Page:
Tag Archives for " Journey "
“Don’t Stop Believin'” is one of those classic rock songs that keeps on going and refuses to fade away. You hear it at sporting events, on television and movies, and on the radio even after 35+ years since it was recorded. Journey had a lot of success at its peak, but this may be song that defines them in the end, so today we’re going to have a listen to the isolated lead vocal from the song.
“Don’t Stop…” is an interesting song in that the chorus only comes once in the song and it’s at the end. I can’t think of another song where that happens but it’s not a song structure that you’d teach an aspiring songwriter, and yet here it is in this huge hit. Let’s get into it.
1. Journey vocalist Steve Perry truly has one of the most incredible voices in music and it’s perfectly on display here. The song was recorded as we entered the age of perfectionism in the studio (thanks to the 24 track tape machine), but this performance is still scary good.
2. I didn’t hear one slight imperfection at 0:33 where he went slightly sharp on “…anywhere” but that’s really splitting hairs.
3. The audio quality of this video isn’t great, but you can still hear that the vocal has in a nice long delayed reverb. If you listen carefully to the decay, you can hear a midrange ring to it.
4. On the B sections you can hear a double slightly to the left and an octave below the lead slightly to the right.
5. The vocal is edited together so there’s no big gaps from the instrumental sections of the song.
Usually less is more, and that’s what you’ll find in today’s isolated track. Greg Rollie is a great Hammond player and his performance on Journey’s big hit “Any Way You Want It” shows why. There’s feel, tone and dynamics – all the things that lifts the level a performance. Here’s what to listen for.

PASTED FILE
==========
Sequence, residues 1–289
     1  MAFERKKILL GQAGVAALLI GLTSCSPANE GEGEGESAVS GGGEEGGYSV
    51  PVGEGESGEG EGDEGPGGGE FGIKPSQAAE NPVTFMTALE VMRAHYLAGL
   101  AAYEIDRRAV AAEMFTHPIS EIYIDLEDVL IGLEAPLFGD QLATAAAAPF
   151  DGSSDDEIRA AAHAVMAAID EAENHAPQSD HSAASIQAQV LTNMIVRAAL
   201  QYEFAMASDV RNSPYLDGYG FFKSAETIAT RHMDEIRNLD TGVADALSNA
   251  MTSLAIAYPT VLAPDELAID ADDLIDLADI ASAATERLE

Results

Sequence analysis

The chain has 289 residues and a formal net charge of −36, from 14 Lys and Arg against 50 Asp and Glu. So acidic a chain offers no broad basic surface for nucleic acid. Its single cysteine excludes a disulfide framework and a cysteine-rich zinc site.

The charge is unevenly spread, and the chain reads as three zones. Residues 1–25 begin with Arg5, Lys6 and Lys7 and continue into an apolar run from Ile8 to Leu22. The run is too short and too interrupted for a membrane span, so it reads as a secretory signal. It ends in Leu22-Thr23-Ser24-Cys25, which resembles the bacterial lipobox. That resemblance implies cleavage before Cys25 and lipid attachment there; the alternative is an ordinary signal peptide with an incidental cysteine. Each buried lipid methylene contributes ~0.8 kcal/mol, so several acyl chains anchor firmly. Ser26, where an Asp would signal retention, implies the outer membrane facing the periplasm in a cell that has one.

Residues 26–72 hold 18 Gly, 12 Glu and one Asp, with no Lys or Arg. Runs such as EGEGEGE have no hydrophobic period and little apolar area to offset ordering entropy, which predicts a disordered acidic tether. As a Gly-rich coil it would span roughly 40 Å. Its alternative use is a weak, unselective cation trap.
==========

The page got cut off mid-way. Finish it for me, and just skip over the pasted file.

1. The organ is recorded in mono and it has a boatload of delayed reverb on it that’s very apparent right in the beginning of the song.
2. Greg is playing with two hands (for the most part) – one on each keyboard. You can really hear the difference in the few times that his left hand drops out.
3. The part calls for the organ to shadow the guitar until the end of the verse, then a big swell into the upper keyboard on the chorus.
4. There’s a lot of disciple in this part. It doesn’t vary much in any section, and considering that its so sparse and Rollie has some chops, it’s pretty cool that he puts that aside for the betterment of the song.
5. The chorale setting of the Leslie is used throughout. I’m surprised that he didn’t use the fast rotor setting somewhere in one of the choruses.
The last couple of minutes are same so there’s really nothing new to hear beyond about 1:30.